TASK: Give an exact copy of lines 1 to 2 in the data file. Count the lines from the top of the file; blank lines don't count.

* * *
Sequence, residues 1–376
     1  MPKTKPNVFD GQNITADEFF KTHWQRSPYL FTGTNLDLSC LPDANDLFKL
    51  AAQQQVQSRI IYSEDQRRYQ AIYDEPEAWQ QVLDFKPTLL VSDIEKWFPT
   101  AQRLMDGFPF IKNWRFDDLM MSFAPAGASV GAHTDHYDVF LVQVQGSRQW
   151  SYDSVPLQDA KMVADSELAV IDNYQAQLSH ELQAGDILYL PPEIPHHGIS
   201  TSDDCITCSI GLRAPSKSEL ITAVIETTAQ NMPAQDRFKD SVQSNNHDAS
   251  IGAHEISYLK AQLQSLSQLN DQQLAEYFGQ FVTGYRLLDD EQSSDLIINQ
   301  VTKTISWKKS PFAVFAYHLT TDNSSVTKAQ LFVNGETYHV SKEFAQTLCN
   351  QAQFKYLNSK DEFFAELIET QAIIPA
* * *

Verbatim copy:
Sequence, residues 1–376
     1  MPKTKPNVFD GQNITADEFF KTHWQRSPYL FTGTNLDLSC LPDANDLFKL